Ronald Lauder and Maria Altmann before Klimt’s Portrait of Adele Bloch-Bauer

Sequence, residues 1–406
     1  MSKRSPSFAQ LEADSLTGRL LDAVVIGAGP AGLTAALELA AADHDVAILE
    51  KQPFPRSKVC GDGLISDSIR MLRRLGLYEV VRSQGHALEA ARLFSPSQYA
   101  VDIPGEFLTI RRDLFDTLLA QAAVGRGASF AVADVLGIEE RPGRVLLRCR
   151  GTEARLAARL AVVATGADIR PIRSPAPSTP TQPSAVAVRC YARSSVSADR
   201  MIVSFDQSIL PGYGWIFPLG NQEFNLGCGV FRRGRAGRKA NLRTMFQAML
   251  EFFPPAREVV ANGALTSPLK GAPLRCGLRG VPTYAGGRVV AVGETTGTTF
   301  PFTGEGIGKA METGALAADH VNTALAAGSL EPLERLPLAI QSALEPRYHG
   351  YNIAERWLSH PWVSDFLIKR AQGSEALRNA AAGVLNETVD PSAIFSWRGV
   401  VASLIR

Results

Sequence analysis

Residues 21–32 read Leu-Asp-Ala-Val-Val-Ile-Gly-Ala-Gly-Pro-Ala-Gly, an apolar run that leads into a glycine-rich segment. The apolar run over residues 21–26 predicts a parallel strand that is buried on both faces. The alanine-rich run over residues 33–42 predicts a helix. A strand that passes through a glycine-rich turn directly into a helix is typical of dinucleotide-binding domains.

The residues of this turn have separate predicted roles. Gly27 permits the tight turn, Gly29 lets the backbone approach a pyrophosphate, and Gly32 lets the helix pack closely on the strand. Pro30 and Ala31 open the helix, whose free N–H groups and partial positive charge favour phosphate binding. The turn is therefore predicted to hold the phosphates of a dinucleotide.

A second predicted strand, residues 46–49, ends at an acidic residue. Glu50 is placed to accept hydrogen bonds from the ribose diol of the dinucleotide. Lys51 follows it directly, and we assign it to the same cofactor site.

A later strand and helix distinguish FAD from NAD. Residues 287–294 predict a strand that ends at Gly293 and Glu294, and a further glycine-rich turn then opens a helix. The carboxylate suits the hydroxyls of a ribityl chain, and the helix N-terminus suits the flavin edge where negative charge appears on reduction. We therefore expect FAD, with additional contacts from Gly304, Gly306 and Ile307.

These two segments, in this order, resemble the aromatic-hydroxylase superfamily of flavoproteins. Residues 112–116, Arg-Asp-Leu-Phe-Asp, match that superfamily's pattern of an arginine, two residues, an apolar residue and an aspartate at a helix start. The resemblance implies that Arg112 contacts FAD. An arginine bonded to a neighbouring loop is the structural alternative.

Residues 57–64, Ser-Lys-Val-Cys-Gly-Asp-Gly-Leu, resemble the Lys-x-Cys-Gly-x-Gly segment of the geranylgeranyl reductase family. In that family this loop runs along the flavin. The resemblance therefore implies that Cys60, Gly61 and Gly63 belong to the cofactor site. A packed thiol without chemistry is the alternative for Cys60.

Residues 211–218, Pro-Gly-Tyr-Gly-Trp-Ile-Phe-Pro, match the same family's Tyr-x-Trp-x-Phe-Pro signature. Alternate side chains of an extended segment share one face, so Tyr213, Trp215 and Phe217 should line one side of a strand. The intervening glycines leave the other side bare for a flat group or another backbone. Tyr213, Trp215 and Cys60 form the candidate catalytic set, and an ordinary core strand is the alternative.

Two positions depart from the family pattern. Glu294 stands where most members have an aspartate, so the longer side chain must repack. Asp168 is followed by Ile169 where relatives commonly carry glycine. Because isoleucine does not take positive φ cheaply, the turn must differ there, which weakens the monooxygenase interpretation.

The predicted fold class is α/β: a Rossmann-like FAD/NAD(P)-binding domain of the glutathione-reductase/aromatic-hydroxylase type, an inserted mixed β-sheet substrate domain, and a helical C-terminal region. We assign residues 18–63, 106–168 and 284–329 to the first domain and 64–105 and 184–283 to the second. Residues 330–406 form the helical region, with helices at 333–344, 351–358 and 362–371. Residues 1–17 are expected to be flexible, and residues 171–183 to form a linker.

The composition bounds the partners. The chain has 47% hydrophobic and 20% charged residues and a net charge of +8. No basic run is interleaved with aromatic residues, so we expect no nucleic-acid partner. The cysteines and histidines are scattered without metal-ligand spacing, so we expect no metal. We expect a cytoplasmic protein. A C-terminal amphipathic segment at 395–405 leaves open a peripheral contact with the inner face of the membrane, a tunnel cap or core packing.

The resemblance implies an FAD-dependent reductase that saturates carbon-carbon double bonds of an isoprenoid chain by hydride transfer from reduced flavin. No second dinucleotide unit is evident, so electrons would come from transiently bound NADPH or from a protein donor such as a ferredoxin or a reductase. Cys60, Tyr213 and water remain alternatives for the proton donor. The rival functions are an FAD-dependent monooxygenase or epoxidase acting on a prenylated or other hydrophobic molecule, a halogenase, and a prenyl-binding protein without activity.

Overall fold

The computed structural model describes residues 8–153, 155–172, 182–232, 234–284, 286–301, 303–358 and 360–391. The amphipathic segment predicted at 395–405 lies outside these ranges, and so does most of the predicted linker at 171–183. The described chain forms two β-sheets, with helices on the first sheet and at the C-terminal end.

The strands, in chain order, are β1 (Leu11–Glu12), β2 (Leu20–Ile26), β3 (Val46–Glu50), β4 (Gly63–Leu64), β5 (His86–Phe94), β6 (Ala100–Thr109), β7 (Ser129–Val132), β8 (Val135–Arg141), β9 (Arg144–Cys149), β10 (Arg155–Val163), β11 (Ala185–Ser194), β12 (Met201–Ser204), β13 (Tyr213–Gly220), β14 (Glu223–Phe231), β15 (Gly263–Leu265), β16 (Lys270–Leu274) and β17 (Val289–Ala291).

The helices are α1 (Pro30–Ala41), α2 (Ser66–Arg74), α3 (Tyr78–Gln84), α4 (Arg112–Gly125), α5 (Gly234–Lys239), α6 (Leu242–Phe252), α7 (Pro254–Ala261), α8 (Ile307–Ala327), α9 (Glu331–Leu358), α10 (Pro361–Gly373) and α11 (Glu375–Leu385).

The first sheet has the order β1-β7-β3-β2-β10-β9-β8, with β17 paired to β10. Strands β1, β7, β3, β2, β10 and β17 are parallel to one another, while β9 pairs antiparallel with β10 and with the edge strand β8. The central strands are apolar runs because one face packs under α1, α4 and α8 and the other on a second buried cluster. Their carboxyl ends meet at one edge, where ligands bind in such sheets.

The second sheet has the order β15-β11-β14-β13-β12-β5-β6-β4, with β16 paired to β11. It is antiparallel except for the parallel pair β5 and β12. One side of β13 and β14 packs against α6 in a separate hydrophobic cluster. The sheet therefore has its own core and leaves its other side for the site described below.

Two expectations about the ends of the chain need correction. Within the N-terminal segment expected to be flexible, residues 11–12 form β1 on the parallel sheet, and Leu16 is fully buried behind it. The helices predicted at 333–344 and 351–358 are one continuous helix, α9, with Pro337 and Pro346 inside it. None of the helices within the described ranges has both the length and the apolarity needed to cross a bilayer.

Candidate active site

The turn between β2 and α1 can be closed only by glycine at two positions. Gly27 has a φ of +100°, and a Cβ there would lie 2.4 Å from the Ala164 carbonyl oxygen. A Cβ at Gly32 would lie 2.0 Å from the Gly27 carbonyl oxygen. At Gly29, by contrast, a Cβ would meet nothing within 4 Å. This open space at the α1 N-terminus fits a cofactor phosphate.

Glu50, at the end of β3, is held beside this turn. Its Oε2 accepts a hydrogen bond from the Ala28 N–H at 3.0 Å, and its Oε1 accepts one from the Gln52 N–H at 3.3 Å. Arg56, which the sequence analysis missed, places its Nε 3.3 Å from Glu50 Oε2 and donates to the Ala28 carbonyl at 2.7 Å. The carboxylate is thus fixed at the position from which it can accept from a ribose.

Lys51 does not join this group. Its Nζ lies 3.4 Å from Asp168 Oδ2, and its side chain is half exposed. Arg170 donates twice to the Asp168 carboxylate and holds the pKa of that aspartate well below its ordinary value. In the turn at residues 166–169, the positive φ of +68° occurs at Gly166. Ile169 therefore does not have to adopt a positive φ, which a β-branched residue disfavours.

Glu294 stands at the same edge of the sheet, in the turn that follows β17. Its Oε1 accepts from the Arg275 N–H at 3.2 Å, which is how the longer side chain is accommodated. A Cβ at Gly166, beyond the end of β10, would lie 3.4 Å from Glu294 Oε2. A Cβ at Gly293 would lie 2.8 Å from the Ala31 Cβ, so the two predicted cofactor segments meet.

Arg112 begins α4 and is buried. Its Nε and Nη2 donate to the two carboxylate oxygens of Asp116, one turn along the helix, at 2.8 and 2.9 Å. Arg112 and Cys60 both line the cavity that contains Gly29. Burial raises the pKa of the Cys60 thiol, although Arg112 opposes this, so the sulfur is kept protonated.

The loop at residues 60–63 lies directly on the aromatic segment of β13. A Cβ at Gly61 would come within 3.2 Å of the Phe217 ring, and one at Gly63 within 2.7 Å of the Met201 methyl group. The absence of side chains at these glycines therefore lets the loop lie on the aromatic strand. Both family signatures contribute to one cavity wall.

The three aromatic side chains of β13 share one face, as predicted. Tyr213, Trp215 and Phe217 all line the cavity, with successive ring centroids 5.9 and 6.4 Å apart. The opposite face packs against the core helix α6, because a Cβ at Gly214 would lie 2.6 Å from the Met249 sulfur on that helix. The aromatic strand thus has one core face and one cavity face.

Her sale of one of the portraits of Adele Bloch-Bauer to Ronald Lauder for $135m this past June should be familiar to anyone who reads newspapers. This is the highest price ever paid for any work of art. Once again the winner of a restitution case has gone straight for the money. Some reports say that Mr. Lauder negotiated the sale directly with Mrs. Altmann, others that Christie’s acted as broker. It becomes curiouser and curiouser, when we learn that Mr. Lauder sits as Chairman of the Commission for Art Recovery of the World Jewish Congress, a sub-organization he himself founded in 1997. Lauder, as Nathaniel Popper reports in Forward, has been accused of hypocrisy by leading holocaust authorities because he, through this organization, has demanded that museums make the provenance of every work in their collections accessible to the public, while neither his museum, nor he himself, have carried out this directive. He has also been criticised for buying restituted art, while occupying this position. Indeed, his behavior in buying the Klimt is remarkable. First, he privately pays the highest sum ever paid for a painting, and then, when the sale of the four other Klimts at Christie’s is announced, he publicly declares his interest in one or more of the others—something a serious potential bidder would never do, if he wants to hold on to his assets. Furthermore he displays the four paintings alongside his in the Neue Galerie. (If the Metropolitan Museum were knowingly to display works about to go on sale at auction it would be considered shockingly unethical. Note that the five paintings were shown at the LA County Museum between April 4 and June 30. The sale of Adele I was announced on June 19. The Rape of Europa showed Mrs. Altmann in the LACMA galleries, but it said nothing about the sale.) Mr. Lauder is not only buying restituted art, he appears to be inflating the value of such works by paying this astronomical price for one and then talking up the remainder which were to go to auction. Souren Melikian has already noted this in the International Herald Tribune (11/9/06) in his report of the sale, which this past November 8th, set an all-time record of $491m. He also described the second portrait of Adele Bloch-Bauer, which sold for $87,900,000 at the sale, as “blandly sentimental, bordering, some would say, on kitsch,”a description which might apply the the first one as well, not to mention the vulgarity of its gold background. (If Klimt took his inspiration from the wonderful Ravenna mosaics, that no excuse, but it does invite interesting historical parallels between the Jewish haute bourgeoisie of 1920’s Vienna and the displaced successors of Augustus.) As my late father would have said, “the monkey is in charge of the bananas.” Even more entertaining is the story of Anita Halpin, the chairman of the Communist Party of Great Britain, who was awarded a Kirchner from the walls of Die Brücke Museum in Berlin and sold it at the Christie’s sale for $38m—to Ronald Lauder! Today she is one very rich Communist.